Within a week, however, House Republicans had made clear that the Pentagon’s proposal would get a green light from them. Though Democrats softened the language somewhat, the House of Representatives passed a March 6 resolution calling on President Bush to submit legislation “to assist the Government of Colombia to protect its democracy from United States-designated foreign terrorist organizations.”
The Bush administration was quick to oblige. On March 21, it asked Congress for a $28.9 billion “emergency” budget outlay for counterterrorism efforts at home and abroad. Deep within the bill was a single sentence with a major change in the law, allowing Colombia to use all past counterdrug aid for “a unified campaign against narcotics trafficking [and] against activities by organizations designated as terrorist organizations” such as the FARC, ELN and AUC. By allowing aid to be used against Colombia’s “terrorist” groups—which in fact are not shadowy undercover cells but territorial armies with a combined total of nearly 40,000 members—the bill made official the switch to counterinsurgency. Since August 2, when the bill became law, the United States can support Colombia’s war against insurgents, just as the United States supported El Salvador’s military effort against the Farabundo Martí National Liberation Front (FMLN) in the 1980s.
During the May 2002 House debate on the bill, Representatives Jim McGovern (D-Massachusetts) and Ike Skelton (D-Missouri) led an effort to remove the “unified campaign” language. “This is a major policy change,” warned Representative Skelton, the senior Democrat on the House Armed Services Committee. “We could find ourselves engulfed in a morass that would eat up American soldiers like we have not seen in years.” Their attempt failed, but not overwhelmingly: It lost by a narrow margin of 192 to 225.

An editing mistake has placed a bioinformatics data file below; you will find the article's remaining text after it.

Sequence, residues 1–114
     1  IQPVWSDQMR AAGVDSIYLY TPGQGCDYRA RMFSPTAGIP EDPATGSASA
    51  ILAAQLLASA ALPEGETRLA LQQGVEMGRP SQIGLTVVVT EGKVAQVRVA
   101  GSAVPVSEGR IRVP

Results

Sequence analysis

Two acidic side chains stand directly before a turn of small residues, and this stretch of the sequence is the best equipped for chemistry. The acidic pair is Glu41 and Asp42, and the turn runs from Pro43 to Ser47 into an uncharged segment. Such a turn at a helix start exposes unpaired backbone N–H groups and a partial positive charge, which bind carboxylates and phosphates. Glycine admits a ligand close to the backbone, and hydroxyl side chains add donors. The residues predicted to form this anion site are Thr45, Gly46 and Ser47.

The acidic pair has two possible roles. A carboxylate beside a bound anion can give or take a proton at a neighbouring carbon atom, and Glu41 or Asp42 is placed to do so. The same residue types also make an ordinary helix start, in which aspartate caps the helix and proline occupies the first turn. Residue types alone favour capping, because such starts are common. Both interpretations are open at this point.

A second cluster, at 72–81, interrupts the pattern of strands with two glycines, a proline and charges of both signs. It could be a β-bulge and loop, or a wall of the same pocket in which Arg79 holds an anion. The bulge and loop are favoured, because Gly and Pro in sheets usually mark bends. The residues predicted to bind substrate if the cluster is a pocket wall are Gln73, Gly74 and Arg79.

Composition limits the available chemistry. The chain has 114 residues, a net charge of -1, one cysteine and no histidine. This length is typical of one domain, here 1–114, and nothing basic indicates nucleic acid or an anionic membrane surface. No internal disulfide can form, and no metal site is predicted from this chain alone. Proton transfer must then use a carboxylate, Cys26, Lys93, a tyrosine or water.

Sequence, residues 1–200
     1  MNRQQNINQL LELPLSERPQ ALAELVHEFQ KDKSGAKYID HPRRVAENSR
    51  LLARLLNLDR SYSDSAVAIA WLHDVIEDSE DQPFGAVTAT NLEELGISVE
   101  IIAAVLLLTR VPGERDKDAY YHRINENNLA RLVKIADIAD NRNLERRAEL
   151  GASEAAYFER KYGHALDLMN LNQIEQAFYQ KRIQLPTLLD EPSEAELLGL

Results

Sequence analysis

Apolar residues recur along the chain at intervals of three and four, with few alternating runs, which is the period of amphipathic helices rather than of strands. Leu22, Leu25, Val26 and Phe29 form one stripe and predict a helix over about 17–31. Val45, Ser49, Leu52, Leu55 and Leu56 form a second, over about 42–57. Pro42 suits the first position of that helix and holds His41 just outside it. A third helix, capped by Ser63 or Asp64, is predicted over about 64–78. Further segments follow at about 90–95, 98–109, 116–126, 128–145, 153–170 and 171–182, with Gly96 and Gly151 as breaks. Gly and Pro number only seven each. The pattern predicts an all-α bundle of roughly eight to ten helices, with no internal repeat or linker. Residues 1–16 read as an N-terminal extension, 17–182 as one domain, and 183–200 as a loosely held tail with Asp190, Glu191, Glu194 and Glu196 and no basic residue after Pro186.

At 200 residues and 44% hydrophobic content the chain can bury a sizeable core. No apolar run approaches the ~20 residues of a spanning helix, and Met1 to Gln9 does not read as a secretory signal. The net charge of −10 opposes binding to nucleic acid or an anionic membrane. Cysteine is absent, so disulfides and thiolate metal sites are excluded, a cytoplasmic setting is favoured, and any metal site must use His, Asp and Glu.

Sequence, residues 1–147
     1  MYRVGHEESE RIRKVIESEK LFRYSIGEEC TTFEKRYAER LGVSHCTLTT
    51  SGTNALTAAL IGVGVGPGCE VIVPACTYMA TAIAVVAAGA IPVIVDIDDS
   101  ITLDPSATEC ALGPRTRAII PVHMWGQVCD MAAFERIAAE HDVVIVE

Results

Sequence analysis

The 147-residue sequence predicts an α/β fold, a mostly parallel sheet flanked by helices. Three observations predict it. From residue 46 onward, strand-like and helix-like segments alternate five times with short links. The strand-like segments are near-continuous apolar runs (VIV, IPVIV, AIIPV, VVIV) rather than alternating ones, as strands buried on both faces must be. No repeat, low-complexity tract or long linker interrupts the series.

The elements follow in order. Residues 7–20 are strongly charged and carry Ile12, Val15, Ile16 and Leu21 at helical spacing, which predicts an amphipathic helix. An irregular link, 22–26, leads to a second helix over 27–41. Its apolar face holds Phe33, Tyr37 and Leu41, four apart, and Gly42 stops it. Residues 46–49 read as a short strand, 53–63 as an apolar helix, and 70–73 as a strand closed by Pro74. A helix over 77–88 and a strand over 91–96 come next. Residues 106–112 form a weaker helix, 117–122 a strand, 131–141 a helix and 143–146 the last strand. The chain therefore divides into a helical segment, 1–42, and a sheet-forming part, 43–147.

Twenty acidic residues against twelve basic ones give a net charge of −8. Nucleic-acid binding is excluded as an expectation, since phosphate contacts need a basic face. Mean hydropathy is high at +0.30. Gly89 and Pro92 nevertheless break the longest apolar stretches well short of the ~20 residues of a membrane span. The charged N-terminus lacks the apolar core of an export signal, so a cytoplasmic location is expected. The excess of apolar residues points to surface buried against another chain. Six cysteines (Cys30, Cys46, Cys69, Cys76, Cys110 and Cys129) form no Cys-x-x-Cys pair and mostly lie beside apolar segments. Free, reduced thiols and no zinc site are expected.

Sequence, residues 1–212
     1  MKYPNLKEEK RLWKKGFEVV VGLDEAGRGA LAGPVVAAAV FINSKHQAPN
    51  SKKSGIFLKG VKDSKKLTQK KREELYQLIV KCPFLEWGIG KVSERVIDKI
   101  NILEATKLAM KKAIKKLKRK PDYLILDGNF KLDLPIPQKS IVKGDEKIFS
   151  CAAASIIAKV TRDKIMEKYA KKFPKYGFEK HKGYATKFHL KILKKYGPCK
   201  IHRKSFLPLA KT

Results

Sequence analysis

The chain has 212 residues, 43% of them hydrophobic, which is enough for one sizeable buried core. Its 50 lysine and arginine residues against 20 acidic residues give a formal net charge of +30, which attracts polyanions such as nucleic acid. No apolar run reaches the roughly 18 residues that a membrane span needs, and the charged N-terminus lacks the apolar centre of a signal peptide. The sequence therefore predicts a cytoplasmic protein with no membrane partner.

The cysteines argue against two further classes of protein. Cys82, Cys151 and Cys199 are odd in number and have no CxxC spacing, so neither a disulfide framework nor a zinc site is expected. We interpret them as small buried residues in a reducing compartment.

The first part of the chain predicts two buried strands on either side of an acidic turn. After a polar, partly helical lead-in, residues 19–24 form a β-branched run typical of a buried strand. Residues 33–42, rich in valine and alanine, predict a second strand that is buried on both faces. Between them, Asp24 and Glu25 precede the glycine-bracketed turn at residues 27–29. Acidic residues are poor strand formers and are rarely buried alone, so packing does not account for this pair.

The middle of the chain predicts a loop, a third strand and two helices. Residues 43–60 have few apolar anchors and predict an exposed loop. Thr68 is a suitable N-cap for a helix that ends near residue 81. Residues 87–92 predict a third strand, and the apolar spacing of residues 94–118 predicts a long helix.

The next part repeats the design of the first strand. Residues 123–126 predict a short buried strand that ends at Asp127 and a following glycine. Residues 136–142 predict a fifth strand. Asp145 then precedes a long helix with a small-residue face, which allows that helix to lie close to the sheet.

The Bush administration has since joined Uribe in a counterinsurgency alliance. The largest initiative so far is the $104 million effort to help Colombia’s armed forces guard an oil pipeline. The 480-mile-long Caño Limón-Coveñas tube, which runs from the oil fields of Arauca near the Venezuelan border to the Caribbean port of Coveñas, is a frequent target of guerrilla dynamite attacks—in 2001, a record 170 bombings forced a shutdown in the flow of oil for much of the year. The Uribe government’s two “rehabilitation zones”—where something akin to martial law reigns—are on either end of the pipeline.
The pipeline is the property of a joint venture between Colombia’s state-owned oil company, Spain’s Repsol, and—with a 7/16 share—Occidental Petroleum of Los Angeles, California. Occidental, whose Colombian oil operations gained notoriety in the 1990s when it sought to drill on the traditional lands of the U’Wa indigenous group, pays about 50 cents per barrel in security costs.11 Its lobbyists have long been among Washington’s leading proponents for increased military assistance to Colombia, and their persistence paid off in 2002.
The Bush administration’s 2003 foreign aid request—which, after long delays, was expected to pass Congress in February 2003—includes $98 million in weapons, equipment, helicopters and training for the Colombian Army’s 18th Brigade and a new 5th Mobile Brigade, both of which will operate in Arauca. An additional $6 million to “jump-start” the pipeline-defense program was part of the same anti-terror legislation that broadened the U.S. mission into a “unified campaign.” Using those funds, seventy U.S. Special Forces members arrived in Arauca in January 2003 to begin training their Colombian counterparts. Arauca—a zone with oil, thousands of hectares of coca, and a heavy presence of all three armed groups—may be Colombia’s most intensely contested battleground in 2003.
“These brigades that we’re talking about will be very offensively oriented,” Gen. Galen Jackman, the Southern Command’s director of operations said at a media roundtable last September. “That is, focused on the enemy, as opposed to a static defense around the pipeline.” Ambassador Patterson told a Colombian newspaper that pipeline defense could be only a first step. “There are more than 300 strategic infrastructure points for the United States in Colombia. … But first we’ll see how this Caño Limón project goes.”